What did you enjoy most about your time at Brown University? 

Brown gave me an opportunity to build and work on many things, including myself. It also introduced me to brilliant people who would eventually influence my career and life. 

I was a “nerd” at Graded, but at Brown, I was just one of many people who worked hard at school. In college, I was surrounded by young, ambitious people from all over the world and with all kinds of talents and interests. My freshman roommate was a swim athlete from Texas; some of my first friends were international students from Hong Kong, Norway, Russia, and California. 

During my first year, I was encouraged to take classes from various disciplines: I took a seminar on climate change, I tried my hand at creative writing, I took an economics course, and I had a very welcoming introduction to computer science. Throughout my time at Brown, I had the freedom and encouragement to study myriad subjects and explore disparate interests, which to me was invaluable. 

Outside of class, I got involved in the Brown Investment Group, in which students researched stocks in which to invest Brown’s endowment. I also joined women in business and women in computer science groups, and I began practicing taekwondo. 

A few months into my freshman year, I decided to start a Lean In circle at Brown. The group consists of college women who hold each other accountable for achieving their goals and is part of a global support network for professional women founded by Sheryl Sandberg. The group at Brown was one of the first on-campus Lean In circles in the country, and, as a result, I got to meet Sheryl.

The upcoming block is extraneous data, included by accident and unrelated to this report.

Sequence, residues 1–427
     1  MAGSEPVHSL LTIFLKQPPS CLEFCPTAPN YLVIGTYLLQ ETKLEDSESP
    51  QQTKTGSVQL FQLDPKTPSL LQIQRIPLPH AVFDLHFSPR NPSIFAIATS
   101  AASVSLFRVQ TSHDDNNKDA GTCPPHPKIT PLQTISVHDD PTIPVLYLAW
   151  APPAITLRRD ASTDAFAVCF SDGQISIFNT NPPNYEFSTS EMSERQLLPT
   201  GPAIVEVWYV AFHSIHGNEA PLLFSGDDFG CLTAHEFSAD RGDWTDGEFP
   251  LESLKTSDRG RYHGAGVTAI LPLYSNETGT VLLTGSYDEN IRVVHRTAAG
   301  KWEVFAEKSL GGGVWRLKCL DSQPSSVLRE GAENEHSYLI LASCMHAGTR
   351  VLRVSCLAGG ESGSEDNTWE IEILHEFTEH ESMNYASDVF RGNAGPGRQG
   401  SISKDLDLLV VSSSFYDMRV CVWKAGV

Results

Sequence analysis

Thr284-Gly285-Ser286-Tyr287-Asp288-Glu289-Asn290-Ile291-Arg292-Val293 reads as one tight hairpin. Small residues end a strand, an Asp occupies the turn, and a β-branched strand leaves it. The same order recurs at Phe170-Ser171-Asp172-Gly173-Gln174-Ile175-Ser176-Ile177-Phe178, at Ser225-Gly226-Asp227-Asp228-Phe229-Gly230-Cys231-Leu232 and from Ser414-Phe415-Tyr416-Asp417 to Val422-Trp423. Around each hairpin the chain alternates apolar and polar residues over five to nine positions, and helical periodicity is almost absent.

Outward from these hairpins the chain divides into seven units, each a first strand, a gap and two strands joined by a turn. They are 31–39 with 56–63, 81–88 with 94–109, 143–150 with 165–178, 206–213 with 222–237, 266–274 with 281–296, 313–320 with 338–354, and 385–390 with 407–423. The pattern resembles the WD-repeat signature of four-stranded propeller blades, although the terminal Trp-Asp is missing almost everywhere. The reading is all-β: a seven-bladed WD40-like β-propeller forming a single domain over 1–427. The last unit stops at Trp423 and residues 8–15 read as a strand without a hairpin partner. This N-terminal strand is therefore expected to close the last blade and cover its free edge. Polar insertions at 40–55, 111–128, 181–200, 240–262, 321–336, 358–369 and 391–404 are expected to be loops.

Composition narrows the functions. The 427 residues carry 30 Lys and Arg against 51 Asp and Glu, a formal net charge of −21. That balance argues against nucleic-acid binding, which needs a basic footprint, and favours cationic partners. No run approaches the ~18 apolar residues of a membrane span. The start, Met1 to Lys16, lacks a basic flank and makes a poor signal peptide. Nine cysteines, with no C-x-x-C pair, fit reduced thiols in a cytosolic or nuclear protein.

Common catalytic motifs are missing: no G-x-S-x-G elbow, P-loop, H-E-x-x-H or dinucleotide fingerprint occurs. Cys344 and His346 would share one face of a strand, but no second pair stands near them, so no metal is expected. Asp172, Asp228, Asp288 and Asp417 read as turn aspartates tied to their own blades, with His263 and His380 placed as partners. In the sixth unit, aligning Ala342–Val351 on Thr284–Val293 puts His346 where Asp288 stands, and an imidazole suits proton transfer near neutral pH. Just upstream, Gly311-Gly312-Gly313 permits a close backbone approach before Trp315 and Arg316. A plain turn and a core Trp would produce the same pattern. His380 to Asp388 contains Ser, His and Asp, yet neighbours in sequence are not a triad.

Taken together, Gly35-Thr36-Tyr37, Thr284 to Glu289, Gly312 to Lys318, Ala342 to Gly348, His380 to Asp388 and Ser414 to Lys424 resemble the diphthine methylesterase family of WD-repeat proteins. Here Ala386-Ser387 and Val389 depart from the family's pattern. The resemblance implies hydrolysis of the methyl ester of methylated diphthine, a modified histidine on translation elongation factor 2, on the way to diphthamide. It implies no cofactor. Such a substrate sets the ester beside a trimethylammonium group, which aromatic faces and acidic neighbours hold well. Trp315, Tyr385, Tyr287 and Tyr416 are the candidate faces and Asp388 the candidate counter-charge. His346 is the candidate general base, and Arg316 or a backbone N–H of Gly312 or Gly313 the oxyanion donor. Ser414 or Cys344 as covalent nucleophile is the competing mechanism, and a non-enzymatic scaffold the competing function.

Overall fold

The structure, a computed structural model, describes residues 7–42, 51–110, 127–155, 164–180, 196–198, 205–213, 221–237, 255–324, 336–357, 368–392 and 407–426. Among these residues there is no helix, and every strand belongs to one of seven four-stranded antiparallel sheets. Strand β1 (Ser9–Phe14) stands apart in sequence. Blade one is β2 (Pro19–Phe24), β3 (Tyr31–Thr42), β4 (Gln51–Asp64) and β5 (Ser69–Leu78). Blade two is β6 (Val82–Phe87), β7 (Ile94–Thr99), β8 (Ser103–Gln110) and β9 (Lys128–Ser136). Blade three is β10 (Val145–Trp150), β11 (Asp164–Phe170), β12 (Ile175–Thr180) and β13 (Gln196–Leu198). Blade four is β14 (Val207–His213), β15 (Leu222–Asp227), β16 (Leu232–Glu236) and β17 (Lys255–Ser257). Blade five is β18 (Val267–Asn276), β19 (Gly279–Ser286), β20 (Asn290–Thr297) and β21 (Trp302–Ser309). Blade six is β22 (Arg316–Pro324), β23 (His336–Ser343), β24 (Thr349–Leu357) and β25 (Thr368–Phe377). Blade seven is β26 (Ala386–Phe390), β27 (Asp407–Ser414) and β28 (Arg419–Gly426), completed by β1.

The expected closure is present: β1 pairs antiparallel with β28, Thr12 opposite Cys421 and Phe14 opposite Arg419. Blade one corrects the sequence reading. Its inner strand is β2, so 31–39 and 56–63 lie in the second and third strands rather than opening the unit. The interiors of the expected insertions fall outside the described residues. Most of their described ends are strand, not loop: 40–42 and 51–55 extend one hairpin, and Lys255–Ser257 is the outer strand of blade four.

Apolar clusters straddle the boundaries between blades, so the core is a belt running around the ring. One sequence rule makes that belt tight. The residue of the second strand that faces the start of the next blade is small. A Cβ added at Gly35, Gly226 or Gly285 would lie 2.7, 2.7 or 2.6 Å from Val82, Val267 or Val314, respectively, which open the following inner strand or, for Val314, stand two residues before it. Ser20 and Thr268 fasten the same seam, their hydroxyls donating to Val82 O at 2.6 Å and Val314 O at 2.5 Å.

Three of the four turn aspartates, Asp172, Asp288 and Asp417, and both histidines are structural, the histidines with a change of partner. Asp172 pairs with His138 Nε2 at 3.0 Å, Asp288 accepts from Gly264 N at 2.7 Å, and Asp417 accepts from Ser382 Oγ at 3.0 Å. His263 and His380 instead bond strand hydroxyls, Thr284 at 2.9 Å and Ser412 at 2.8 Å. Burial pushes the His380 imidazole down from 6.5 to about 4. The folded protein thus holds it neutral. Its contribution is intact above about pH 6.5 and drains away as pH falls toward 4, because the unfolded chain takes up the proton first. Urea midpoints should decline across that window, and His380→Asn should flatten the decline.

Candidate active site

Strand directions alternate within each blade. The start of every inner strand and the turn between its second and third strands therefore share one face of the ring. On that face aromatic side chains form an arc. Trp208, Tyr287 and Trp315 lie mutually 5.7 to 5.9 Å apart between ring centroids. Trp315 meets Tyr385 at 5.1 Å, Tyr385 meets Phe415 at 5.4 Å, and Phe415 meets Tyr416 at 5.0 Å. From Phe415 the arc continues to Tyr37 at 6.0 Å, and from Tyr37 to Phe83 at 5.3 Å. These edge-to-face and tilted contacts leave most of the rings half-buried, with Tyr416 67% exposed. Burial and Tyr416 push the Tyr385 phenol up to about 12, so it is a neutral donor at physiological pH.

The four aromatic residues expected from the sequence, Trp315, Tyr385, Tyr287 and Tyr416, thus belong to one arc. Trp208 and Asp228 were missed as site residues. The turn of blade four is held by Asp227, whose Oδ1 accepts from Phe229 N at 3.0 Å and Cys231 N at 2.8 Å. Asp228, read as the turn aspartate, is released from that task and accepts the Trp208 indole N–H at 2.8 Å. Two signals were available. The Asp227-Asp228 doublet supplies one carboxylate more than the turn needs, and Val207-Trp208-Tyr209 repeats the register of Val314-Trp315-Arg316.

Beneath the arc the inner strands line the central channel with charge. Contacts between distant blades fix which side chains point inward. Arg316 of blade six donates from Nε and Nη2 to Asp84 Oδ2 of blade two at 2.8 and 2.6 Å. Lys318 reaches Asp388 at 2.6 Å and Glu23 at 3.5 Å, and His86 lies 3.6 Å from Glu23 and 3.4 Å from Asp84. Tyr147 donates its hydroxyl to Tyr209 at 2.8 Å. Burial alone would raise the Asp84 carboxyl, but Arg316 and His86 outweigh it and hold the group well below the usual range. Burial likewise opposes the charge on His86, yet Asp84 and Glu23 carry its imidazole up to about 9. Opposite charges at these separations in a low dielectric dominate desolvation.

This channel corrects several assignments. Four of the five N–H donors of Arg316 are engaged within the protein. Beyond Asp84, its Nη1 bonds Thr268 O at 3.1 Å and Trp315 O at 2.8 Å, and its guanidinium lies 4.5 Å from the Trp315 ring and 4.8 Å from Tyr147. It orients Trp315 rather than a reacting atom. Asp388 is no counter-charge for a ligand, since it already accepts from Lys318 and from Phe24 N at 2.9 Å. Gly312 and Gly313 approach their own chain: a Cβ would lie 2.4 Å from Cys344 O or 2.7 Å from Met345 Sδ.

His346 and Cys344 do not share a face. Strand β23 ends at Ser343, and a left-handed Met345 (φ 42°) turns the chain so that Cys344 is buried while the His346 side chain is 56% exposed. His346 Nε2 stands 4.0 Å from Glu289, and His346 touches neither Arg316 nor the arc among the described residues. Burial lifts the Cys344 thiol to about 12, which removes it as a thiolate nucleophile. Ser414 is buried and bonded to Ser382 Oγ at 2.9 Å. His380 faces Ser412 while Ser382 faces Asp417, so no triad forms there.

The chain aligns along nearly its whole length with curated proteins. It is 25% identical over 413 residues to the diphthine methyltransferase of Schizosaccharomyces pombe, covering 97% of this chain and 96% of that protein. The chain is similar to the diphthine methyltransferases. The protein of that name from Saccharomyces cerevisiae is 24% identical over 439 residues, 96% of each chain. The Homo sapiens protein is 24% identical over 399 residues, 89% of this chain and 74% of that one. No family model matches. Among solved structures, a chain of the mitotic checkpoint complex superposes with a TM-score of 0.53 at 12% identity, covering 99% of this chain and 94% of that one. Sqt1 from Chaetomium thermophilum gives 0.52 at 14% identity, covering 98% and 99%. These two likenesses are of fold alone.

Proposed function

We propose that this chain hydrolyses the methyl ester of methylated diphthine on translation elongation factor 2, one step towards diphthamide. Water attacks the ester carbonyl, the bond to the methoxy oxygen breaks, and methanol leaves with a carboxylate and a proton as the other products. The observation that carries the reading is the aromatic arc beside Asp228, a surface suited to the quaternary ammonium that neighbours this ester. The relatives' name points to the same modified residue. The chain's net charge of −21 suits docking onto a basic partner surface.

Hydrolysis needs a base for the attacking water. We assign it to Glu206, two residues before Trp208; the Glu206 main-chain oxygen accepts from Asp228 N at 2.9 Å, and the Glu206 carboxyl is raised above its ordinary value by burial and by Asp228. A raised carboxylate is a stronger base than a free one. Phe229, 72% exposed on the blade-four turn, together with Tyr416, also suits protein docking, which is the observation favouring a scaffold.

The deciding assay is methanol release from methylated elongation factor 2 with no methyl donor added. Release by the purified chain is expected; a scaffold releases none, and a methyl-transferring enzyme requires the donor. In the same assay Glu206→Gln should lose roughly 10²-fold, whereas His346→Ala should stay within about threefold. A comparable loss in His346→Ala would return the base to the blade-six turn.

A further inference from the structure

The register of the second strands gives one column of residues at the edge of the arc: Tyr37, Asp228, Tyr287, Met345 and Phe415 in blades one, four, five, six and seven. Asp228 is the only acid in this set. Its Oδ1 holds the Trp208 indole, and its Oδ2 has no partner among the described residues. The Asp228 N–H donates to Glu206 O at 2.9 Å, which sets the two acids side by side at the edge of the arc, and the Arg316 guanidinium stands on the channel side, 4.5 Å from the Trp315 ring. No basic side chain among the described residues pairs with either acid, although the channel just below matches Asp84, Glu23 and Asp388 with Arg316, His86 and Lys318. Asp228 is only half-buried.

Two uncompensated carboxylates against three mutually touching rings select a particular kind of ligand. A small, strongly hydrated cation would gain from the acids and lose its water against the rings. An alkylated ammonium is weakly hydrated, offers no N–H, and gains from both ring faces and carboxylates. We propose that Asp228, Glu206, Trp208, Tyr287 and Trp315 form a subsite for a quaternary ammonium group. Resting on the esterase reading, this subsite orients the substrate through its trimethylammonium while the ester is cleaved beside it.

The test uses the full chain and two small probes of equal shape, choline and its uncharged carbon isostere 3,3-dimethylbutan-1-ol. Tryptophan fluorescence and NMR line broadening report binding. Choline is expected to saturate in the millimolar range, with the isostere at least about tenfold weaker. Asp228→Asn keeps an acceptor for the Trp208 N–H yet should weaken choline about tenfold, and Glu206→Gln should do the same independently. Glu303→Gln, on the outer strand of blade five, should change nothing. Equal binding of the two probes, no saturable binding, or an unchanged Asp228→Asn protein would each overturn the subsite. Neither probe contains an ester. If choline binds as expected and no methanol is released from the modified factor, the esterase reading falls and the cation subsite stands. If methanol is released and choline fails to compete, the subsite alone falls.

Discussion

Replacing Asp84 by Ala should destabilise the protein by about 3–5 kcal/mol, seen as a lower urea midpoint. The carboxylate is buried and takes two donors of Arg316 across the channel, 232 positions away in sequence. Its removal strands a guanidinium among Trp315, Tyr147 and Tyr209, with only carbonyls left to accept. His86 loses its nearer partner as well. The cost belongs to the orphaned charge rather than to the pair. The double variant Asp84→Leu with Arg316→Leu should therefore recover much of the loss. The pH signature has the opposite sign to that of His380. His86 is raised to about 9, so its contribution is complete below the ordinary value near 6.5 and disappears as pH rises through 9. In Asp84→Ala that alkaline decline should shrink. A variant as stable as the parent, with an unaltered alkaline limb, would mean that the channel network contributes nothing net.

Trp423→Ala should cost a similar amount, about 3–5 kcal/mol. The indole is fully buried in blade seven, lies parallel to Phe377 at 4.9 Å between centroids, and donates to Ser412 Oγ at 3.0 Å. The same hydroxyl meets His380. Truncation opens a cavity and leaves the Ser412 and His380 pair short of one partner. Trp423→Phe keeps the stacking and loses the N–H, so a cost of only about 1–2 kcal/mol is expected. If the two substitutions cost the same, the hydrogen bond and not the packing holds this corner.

Brown is also where I started participating in hackathons (during which programmers and designers come together for a short, intensive period of time to build something). During these hackathons, I had the opportunity to apply many of the software engineering skills I was learning in class to real projects. Since then, I’ve never stopped creating apps and websites. 

My time at Brown felt like a very natural continuation of my Graded experience. Graded has a very “liberal-artsy” quality because of its extensive options of elective classes (many of which are art classes) and its adoption of the IB Diploma Programme, which requires students to complete an extended essay and participate in Theory of Knowledge classes.